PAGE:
The other day one of our Lead Implementers was told a very interesting story by an ISO-27001 Lead Auditor who performs certification audits for a number of registrars. The auditor was performing a certification audit for one of our clients, and we were on-site supporting the client during the audit. During lunch he told the following story (details blurred to protect the innocent):
“I was onsite conducting Stage 2 of the certification audit when I discovered that the client had not done a management review of their ISMS. When I let them know that I would be issuing a major non-conformity they got very upset and argumentative and conference-called a Well Known ISO 27001 Consulting Firm (WK27001CF) that had prepared them. When the consultant realized there was indeed a problem, he hung up and called the REGISTRAR I was conducting the certification audit for to plead his case. A few minutes later my cell phone rings and it’s the President of REGISTRAR asking me why I was going to issue a major non-conformity. When I explained that they had no evidence that a Management Review of the ISMS was conducted, the President simply said, ‘OK, thanks.’ and hung up. I was hopeful that would be the end of the situation. The client continued to insist that since the WK27001CF had not told them they needed to conduct a management review of the ISMS to be compliant with the standard that he shouldn’t be issued a major non-conformity. I found out after I left that the client called the REGISTRAR when I left and insisted they send a different auditor for the follow-up audit.”
It was interesting to us how much the lead auditor stressed the importance of the implementer’s role in this context. Despite most peoples’ contention that all auditors want to issue findings, he insisted that 27001 auditors really don’t want to issue non-conformities because they increase the costs of certification for organizations, consume the registrar’s time and stress the client-registrar relationship. This client believes that a good implementer reduces the costs and burden associated with non-conformities by preventing them whenever possible and simplifying the corrective action process when they do occur.
At Pivot Point Security, we try to prevent non-conformities by performing a gap assessment in Phase 1, an internal audit and pre-certification audit consultation in Phase 2, and annual internal audits in Phase 3 of our implementation roadmap. We simplify the corrective action process by recommending corrective actions, drafting corrective action plans that will be acceptable to registrars (we have a Certified Lead Auditor that manages ISO 27001 consulting engagements) and acting as a liaison to reduce any unnecessary back-and-forth between client and registrar.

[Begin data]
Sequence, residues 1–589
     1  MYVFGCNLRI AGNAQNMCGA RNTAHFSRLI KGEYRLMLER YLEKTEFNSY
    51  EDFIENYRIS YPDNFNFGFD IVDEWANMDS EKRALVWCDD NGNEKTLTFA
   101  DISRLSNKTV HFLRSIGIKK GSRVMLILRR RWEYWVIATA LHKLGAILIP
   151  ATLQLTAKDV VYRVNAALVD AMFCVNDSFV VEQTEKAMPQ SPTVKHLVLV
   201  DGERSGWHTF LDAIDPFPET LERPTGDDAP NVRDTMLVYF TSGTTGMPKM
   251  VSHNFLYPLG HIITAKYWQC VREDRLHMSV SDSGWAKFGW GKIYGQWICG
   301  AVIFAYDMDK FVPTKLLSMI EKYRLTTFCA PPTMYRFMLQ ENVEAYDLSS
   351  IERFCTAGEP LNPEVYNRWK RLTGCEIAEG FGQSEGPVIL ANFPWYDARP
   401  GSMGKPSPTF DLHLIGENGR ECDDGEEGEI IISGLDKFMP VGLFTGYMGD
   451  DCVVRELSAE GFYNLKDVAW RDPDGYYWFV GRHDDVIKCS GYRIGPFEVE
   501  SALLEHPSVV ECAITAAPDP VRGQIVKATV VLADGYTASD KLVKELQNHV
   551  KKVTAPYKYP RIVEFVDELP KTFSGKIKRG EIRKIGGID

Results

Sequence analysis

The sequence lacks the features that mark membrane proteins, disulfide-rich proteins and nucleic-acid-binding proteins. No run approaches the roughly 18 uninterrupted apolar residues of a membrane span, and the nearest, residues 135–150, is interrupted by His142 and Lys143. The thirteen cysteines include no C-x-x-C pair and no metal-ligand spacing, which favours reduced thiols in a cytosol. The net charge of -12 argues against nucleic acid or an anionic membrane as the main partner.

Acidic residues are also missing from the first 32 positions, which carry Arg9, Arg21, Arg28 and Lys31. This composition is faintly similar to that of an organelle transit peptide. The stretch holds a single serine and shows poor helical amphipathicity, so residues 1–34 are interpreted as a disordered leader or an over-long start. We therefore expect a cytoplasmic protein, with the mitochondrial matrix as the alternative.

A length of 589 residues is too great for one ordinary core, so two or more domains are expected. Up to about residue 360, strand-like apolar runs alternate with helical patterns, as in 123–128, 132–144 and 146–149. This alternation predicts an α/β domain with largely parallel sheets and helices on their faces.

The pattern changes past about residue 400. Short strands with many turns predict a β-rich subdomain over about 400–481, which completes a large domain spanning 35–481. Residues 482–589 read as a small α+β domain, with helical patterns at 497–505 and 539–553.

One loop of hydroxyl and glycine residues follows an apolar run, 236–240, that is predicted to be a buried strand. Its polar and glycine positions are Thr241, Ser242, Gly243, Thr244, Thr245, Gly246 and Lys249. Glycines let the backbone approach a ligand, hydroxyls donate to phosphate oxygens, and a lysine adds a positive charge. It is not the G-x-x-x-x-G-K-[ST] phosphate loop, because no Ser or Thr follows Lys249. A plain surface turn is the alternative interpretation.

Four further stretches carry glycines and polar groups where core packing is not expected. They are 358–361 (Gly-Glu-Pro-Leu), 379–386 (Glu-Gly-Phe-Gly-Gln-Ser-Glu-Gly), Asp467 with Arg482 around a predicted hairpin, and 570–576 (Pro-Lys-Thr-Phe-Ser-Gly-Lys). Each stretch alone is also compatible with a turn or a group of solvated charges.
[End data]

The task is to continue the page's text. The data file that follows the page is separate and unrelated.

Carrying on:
If you’re thinking about pursuing ISO 27001 certification, there are two potential lessons in the auditor’s story:
- More important in many ways than the resume of an ISO 27001 consulting firm is the resume of the lead implementer and engagement manager for your specific engagement. Many consulting firms hire consultants as contractors rather than employees to reduce their costs for ISO 27001 consulting. All of our consultants are full-time employees and ISO 27001 Certified Lead Implementers. This is why we have a 100% success rate on certification and surveillance audits with very few non-conformities on our record.
- Having your ISO 27001 consultant onsite for the certification audit is usually a good idea if the certificate is business-critical. While no consultant would have been able to resolve a non-conformity of the magnitude described above, it is often possible to minimize non-conformities or address minor non-conformities in near real-time to ensure that your certification effort is successful.